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Impression of reality


Re: Impression of reality
August 05, 2013, 04:04:31 PM
Solipsism, in this case, refers to placing oneself at the center of things.
So you've stripped Solipsism of all its subtle and specific meaning, yet continue to use the word in this context why - because it adds empty weight to your argument? Reminds me of some guy on this forum whining about "solipsistic drivers" on the road and how absurd and pretentious of a comment it was. Name dropping solipsism in nonsense contexts is practically an ANUS (and affiliate network) meme at this point.

is not the point of rationale the idea that it can be applied to anything?
No, science and rationalism are self-limiting by design. Romanticism rejects rationalism because it ignores "essential truths" in favor of the directly observable - hence its fixation on emotion and the supernatural.

How is subject matter not a valid point of criticism - is the choice of subject matter out of the artist's hands, or does it in and of itself express something?
Because its somewhat divorced from the larger social and intellectual context surrounding a movement. Colors and subject matter are more an issue of personal preference. A major reason "important" pieces of art are famous is because they capture the spirit of the time in which they were made. In metal terms: compare the difference between Thrash and Retro-Thrash.

Why doesn't mundaneness imply superficiality.
Because it forms the bulk of human experience and harbors most of its universal emotions/ideas/"truths".  Superficial and boring aren't the same thing. Escapist fantasy art can be extremely superficial.

I find there's much more projection in the two analyses you referenced than in anything I said.
The difference being: the original authors incorporate historical context and various biographical information into their analysis. Anybody can look at a picture and come up with an arbitrary analysis - that doesn't mean it has much weight behind it.


Re: Impression of reality
August 05, 2013, 04:58:50 PM
related interesting read:

Rationalism about beauty is the view that judgments of beauty are judgments of reason, i.e., that we judge things to be beautiful by reasoning it out, where reasoning it out typically involves inferring from principles or applying concepts. At the beginning of the Eighteenth Century, rationalism about beauty had achieved dominance on the continent, and was being pushed to new extremes by “les géomètres,” a group of literary theorists who aimed to bring to literary criticism the mathematical rigor that Descartes had brought to physics.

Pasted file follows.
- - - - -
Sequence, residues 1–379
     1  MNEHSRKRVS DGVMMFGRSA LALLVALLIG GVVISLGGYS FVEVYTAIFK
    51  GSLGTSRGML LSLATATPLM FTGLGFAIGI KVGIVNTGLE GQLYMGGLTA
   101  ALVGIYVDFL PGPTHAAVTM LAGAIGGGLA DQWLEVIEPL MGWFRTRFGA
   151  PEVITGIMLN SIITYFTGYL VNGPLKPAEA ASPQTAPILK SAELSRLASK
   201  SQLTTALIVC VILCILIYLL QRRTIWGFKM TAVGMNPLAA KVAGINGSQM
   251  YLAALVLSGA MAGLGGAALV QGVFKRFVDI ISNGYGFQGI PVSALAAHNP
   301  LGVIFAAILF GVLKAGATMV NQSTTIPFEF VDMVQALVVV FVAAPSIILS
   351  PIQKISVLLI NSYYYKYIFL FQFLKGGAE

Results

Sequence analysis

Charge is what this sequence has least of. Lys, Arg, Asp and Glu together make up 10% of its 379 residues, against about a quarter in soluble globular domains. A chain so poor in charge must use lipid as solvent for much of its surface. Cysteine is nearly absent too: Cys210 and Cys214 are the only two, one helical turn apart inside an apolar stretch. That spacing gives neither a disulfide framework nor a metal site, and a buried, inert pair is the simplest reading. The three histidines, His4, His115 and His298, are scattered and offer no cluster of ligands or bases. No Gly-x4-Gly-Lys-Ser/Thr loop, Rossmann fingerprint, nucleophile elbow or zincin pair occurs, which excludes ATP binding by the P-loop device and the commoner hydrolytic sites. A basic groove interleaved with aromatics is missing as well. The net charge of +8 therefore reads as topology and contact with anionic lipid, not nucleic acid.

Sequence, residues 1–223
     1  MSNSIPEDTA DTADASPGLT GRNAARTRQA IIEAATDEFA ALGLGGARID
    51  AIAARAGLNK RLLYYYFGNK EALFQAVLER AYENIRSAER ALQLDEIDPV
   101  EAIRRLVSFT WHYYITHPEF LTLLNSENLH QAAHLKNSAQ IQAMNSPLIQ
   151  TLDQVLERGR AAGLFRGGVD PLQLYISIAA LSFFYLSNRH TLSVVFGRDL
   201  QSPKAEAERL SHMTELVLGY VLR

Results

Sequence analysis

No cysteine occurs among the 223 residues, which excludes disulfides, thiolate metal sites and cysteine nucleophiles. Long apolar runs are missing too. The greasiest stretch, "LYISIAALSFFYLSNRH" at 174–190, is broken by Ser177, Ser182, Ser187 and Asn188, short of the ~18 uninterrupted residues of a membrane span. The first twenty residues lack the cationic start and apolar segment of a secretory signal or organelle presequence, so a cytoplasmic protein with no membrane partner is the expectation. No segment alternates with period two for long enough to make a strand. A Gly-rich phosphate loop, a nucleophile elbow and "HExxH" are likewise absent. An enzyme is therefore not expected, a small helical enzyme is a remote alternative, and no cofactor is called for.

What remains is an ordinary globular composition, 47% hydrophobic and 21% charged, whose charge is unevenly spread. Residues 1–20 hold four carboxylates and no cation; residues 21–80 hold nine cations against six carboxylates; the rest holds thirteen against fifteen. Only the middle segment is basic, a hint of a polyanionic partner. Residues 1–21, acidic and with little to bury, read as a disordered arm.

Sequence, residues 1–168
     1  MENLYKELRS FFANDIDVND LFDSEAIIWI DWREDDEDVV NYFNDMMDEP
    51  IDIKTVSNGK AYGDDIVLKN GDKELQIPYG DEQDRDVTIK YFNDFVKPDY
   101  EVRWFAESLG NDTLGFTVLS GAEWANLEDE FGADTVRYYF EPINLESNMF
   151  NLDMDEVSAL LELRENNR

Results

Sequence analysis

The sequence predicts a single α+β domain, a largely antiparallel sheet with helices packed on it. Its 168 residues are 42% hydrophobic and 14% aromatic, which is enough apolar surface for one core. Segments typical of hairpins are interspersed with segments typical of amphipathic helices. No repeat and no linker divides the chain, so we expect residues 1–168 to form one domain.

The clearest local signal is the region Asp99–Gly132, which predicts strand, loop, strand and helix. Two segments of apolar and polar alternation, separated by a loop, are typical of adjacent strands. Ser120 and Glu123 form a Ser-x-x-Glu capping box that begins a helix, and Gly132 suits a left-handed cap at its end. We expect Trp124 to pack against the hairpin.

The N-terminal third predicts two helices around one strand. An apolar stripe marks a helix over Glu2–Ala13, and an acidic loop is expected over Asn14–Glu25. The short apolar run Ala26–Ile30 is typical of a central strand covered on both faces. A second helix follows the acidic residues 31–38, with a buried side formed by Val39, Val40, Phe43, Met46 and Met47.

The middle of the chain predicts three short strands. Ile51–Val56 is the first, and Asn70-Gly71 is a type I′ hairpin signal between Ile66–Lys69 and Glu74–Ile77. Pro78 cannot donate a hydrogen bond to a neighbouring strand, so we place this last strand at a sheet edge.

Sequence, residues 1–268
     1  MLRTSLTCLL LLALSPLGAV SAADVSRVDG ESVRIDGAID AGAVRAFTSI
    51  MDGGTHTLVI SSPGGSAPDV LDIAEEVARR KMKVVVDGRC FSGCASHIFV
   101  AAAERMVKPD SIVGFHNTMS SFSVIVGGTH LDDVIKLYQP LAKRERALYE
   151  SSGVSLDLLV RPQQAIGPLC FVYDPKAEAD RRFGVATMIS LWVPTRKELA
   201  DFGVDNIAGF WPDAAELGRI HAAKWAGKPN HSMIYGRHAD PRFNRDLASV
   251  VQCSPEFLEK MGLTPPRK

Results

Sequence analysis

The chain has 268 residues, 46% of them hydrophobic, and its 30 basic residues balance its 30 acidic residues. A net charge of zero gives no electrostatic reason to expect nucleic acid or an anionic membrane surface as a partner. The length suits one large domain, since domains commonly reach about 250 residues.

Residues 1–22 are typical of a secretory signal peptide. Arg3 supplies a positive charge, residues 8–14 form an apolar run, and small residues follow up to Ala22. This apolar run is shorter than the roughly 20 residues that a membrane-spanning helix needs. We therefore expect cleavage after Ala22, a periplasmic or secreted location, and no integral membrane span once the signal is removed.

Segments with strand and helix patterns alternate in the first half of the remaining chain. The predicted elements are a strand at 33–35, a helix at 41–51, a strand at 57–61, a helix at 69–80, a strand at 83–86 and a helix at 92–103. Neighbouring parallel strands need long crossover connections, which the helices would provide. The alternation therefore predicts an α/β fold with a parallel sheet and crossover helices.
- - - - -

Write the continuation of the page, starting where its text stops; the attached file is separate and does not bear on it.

It was against this, and against more moderate forms of rationalism about beauty, that mainly British philosophers working mainly within an empiricist framework began to develop theories of taste. The fundamental idea behind any such theory—which we may call the immediacy thesis—is that judgments of beauty are not (or at least not primarily) mediated by inferences from principles or applications of concepts, but rather have all the immediacy of straightforwardly sensory judgments; it is the idea, in other words, that we do not reason to the conclusion that things are beautiful, but rather “taste” that they are.

Re: Impression of reality
August 07, 2013, 08:42:32 PM
I didn’t want to reduce this discussion to one of genre or aesthetics and only used “Impressionism” in broad terms as an example of how the underlying process of reality (if there even is one) can be quite ambiguous at the best of times. Though I must say people’s responses here have been very insightful.

What I mean to question is how things in life can be viewed differently by different people depending on where they fit into the bigger picture and just where does one draw the line between those different views/impressions of reality, the reality they see and the lack of it.

The way one person sees the colour blue for example might be considerably more green or red than someone else. But who would know? Perhaps it depends on how much time one has to notice things.

What about a blind man who has only his memory or imagination to go by?

What heightened visual or tactile sensitivity might a deaf person have developed to compensate for what the majority would perceive to be their disability?

Can they still hear their own thoughts or imagine sound based on written descriptions? What about sub-sonic vibrations not heard by the ear but felt within the body?

How did the great Ludwig Van do it?

What experience is conveyed in the music of Wagner that was philosophically incomprehensible in the days of Mozart or Bach?

What do some find in the past or present that others do not?

Are we not conditioned to see reality a certain way?